We shared an early dinner with one of my wife’s sisters and her husband at Harbor Lights. We had a table with a great view of the Sound. After dinner, we walked past Fireboat No. 1 to the Les Davis Pier and our first view of Mount Rainier. The smoke is finally beginning to dissipate.

Whidbey Island Sunday, Aug 13 2017 

Deception Pass

Deception Pass

Whidbey Island, the largest island in Puget Sound, features farmland and forest, scenic shoreline vistas and abundant parks. Captain George Vancouver discovered the island in 1792, naming it after Joseph Whidbey, his sailing master. Whidbey proved the island was not a peninsula by navigating Deception Pass. As we left the island, we stopped at the bridge and walked on it to view the strait separating Whidbey Island and Fidalgo Island with a view of Strawberry Island. We arrived on the island by taking a ferry from Mukilteo. We walked the main street of picturesque Langley, named in 1891 for Kudge James Weston Langley, president of a land development company. The Dog House Tavern, built in 1908, and taking on its current name in 1937 caught my attention as a classic building. We enjoyed a great meal at Primo Bistro on a deck overlooking the water. We traveled to Fort Ebey State Park where we hiked the Bluff Trail to Battery 248, the primary gun battery of Fort Ebey to protect Puget Sound from the Japanese. Building started in 1942 and was completed in 1943. State park use began in 1965. We returned to the parked car on a trail and encountered a deer tasting the park’s delicacies. We have much more to explore on Whidbey Island.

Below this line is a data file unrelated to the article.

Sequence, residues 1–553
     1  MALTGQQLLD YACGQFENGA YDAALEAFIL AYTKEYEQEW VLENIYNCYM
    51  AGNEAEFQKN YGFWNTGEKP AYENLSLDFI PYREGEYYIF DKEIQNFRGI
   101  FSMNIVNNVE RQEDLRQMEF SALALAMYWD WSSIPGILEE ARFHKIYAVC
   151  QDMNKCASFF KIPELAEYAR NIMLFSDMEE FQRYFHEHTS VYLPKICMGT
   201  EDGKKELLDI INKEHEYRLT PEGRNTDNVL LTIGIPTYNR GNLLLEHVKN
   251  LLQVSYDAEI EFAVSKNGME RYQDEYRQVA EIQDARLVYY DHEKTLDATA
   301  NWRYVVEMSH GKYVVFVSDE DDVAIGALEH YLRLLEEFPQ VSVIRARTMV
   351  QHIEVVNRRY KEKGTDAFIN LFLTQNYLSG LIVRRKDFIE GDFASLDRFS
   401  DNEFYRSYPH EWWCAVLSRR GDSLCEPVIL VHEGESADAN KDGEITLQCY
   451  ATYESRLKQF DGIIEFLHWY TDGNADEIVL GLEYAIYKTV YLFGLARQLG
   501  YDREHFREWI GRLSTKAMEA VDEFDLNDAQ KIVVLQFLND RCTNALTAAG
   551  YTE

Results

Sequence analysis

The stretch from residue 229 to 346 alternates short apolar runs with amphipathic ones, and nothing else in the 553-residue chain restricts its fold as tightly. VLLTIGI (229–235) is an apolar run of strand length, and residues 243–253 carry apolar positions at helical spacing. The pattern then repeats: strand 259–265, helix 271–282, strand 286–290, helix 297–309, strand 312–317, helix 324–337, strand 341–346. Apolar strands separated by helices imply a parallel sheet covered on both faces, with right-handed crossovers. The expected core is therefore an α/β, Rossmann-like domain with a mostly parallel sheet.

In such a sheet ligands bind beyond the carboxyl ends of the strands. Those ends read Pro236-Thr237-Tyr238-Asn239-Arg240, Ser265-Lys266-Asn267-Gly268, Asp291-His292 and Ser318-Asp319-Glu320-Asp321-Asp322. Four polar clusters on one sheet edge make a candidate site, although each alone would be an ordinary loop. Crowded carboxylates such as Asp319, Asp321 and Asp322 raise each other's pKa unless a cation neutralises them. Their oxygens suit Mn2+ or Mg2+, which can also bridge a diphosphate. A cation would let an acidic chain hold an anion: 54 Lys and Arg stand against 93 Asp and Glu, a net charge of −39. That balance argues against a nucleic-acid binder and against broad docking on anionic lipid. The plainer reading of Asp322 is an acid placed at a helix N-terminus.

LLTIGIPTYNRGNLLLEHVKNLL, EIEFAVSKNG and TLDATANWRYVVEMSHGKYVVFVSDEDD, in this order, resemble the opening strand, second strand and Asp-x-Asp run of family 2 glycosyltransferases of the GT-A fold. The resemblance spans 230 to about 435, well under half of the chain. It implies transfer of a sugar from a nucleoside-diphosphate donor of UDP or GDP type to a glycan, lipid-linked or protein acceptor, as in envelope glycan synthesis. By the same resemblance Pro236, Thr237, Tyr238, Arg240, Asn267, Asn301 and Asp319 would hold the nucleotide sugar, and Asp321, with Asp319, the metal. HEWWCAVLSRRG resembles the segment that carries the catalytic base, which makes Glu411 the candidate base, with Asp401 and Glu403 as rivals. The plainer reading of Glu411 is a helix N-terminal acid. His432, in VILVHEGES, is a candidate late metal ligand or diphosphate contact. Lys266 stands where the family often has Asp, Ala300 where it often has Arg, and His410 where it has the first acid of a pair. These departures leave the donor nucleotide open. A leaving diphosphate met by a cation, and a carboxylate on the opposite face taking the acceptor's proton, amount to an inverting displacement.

We camped for two nights in front of my wife’s brother’s home in Everett. He and his wife shared the Boeing tour and drive around Whidbey Island. It was great to meet my wife’s nephew and niece, and to enjoy the cooking of her sister-in-law.

Future of Flight Sunday, Aug 13 2017 

Dreamlifter

Dreamlifter

The Boeing Everett assembly plant, one of the largest buildings (by volume) in the world, employs some 41,000 people. After viewing a five-minute informational video, we boarded a bus for a trip to the factory where we made two stops. First, we took an elevator up three floors and looked at 747s in various stages of assembly. On the second stop, we took an elevator up four floors where we saw 777s being built on one side and 787s on the other. The sleek, jumbo 787s are in high demand with 12 coming off the assembly line each month, but 1,000 on order. Security for this tour is tight with no purses, backpacks, and electronic devices such as cellphones and cameras. After the plant tour, we took a quick pass through the exhibits in the aviation center gallery. I was impressed by the GE90 engine. Another display refers to the materials used to make airplanes lighter: wood, steel, aluminum, titanium, fiberglass, and carbon fiber. From the Strato Deck, we watched a Dreamlifter land! This is a modified 747-400 passenger airline that transports supplies for the 787. It has a wingspan of 200 feet, length of 244 feet, height of 70 feet, cargo capacity of 65,000cubic feet, and maximum take of weight of 803,000 pounds.

Larribee State Park Friday, Aug 11 2017 

Roots

Roots

In the morning, from our camp site, we walked to the Fragrance Lake trailhead. We ascended to an elevation of 640 feet, taking the Viewpoint spur for a look at smoke infused Samish Bay. In the afternoon, we drove to a trailhead off gravel washboard Cleator Road and hiked 1.7 miles on the Chuckanut Bay 2 Dollar Trail to Fragrance Lake which sits at an elevation of 1,040 feet. Both hikes passed through thick woods. We noted some unusual stumps and root structures, including some roots surrounding a rock. We also found blackberries, huckleberries, and salal. Larribee State Park offers steep, but great hiking.